Growing-up With Southall From 1904 (Memories of R.J. Meads)


Over the Green. 

                         You will note I have made little reference to anything over the south side of the railway. In the days I am writing about there were no buses, and we only went “over the Green” to get something special or on visits to relations. Several of our relations lived and worked that side, and we used to be sent to Cogswell’s or Owen Barnett’s for seed potatoes and take our metal and rags to Brand’s at the same time. The two brothers Stanley had charge of the “White Swan” and they were the last that I can remember to ride a penny-farthing bicycle. Featherstone School under Mr. West, headmaster, used to turn out some very good athletes, also a good football team which won the “Gosney Cup” most years. The building firm of A. & B. Hanson had their offices and yard in Featherstone Road, and they carried out the contracts for a great many local buildings which included churches, pubs, cinemas and factories. Mr. Ben Hanson lived at Beverley House in the King Street. The Hanson family, who came to Southall about 1886, became involved in a great deal of local affairs. Besides the building firm Ban was a councillor for many years. A brother was Head Postmaster, and a Mr. Alf Hanson was Chief Rating Officer for the Council.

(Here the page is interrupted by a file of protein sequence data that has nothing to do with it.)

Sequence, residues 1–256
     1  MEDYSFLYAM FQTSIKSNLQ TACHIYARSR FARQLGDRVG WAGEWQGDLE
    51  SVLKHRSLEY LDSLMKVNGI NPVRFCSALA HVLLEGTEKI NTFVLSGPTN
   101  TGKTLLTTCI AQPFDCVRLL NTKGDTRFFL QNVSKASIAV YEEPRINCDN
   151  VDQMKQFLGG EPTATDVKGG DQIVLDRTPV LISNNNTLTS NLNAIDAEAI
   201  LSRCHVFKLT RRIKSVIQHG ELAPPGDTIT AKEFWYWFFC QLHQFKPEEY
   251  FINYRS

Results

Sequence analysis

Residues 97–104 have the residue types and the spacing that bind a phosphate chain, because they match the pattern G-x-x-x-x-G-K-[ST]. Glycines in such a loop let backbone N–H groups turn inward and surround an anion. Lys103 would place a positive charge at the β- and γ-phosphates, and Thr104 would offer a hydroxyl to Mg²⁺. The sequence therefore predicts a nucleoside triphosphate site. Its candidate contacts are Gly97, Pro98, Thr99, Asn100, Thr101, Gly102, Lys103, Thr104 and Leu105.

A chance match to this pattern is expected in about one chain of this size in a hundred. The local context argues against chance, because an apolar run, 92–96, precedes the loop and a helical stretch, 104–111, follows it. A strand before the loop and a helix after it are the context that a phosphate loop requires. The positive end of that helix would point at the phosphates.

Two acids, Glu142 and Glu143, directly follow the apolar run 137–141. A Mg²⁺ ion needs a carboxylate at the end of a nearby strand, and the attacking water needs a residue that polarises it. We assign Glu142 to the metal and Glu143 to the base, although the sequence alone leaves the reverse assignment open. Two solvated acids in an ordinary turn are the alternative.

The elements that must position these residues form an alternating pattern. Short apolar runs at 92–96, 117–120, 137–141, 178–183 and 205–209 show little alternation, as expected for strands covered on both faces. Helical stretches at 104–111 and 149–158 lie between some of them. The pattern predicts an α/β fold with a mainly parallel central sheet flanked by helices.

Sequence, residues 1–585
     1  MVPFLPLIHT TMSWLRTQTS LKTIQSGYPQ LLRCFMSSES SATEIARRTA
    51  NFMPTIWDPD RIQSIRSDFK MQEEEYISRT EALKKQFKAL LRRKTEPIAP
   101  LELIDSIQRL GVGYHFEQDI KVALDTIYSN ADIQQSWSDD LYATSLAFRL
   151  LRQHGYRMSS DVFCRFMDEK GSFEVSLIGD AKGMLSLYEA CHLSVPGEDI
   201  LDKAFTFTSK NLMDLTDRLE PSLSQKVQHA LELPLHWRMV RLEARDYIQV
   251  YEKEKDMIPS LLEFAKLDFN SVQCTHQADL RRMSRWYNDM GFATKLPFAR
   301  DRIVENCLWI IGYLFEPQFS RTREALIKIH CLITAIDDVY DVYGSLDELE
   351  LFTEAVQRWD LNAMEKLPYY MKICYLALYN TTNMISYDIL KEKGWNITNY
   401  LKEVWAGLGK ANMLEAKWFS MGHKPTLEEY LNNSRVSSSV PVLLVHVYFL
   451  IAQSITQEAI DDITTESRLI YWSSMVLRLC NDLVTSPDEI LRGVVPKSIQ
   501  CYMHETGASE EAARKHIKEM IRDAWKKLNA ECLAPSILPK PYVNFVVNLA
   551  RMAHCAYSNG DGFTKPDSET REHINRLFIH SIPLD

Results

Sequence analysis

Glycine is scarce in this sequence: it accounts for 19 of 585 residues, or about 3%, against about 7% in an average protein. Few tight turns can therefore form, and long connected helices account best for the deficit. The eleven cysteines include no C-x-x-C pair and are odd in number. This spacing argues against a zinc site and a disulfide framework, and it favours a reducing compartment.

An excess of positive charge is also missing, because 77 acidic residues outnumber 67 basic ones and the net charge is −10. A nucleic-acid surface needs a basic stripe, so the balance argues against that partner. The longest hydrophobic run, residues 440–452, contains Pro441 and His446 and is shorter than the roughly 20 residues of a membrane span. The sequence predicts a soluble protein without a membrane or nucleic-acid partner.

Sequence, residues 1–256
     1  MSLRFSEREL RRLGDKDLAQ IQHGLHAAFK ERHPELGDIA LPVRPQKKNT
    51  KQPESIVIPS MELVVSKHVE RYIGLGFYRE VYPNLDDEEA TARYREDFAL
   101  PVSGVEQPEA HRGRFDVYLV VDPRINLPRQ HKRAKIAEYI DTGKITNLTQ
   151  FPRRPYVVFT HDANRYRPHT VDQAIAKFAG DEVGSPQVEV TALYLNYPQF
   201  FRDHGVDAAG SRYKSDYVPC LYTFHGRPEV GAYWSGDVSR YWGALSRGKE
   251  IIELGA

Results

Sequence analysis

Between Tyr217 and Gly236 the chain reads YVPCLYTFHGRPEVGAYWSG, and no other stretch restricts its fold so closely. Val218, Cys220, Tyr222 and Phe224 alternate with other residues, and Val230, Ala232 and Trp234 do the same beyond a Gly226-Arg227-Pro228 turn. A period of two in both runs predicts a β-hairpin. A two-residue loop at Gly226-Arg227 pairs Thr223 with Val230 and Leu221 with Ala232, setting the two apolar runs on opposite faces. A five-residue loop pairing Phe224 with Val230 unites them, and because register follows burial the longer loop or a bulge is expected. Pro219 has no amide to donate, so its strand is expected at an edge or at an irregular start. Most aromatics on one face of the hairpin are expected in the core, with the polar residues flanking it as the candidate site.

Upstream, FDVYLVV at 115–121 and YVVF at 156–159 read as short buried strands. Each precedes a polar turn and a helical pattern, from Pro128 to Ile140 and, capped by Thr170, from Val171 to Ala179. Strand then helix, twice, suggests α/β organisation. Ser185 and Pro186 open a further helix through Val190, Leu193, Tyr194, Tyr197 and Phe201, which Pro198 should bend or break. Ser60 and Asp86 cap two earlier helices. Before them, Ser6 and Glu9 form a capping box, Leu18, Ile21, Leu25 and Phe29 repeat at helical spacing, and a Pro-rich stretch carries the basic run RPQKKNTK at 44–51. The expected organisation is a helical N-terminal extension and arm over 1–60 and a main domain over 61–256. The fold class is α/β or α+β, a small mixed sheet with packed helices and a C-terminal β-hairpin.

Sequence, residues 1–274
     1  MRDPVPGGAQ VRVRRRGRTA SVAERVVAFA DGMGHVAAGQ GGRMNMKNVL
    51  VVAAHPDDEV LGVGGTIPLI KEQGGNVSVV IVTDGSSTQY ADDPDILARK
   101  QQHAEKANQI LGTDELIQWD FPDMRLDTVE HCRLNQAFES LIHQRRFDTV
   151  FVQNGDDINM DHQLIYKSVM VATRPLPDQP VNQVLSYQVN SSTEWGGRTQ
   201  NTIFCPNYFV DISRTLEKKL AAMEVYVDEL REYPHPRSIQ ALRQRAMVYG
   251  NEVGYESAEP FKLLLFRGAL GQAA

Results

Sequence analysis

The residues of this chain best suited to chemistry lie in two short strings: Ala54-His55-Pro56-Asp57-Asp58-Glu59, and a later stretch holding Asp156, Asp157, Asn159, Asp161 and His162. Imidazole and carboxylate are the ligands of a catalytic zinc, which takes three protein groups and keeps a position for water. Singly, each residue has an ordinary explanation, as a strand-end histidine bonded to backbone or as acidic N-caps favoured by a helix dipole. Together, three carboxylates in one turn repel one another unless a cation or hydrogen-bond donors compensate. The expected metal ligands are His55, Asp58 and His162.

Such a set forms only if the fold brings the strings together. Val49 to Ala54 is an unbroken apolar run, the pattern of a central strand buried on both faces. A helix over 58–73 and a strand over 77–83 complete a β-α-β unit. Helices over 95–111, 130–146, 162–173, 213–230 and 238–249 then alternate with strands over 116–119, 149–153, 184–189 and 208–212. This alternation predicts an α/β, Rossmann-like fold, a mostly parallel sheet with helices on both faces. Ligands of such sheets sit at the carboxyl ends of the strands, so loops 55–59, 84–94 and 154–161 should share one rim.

The drill hall in Featherstone Road, built in 1901, housed a Middlesex Regt.Territorial company and the R.S.M. used to live in a flat there. The horses used at the Gas Works were stabled in Havelock Road, which is now the Council yard. Opposite was the Cemetery lodge, just to the rear of which was a small mortuary. 

                          King Street had several good shops – Butler’s ( mens’ outfitters ); Boots ( chemists ); Maypole ( butter and margarine ); Freeman, Hardy & Willis ( footwear ); Cutland’s ( drapers ); a large Co-Op; World Stores ( provisions ); Norwood Farm Dairy; Loaring’s ( oilshop ); Platt’s ( grocers ); and the Labour Exchange.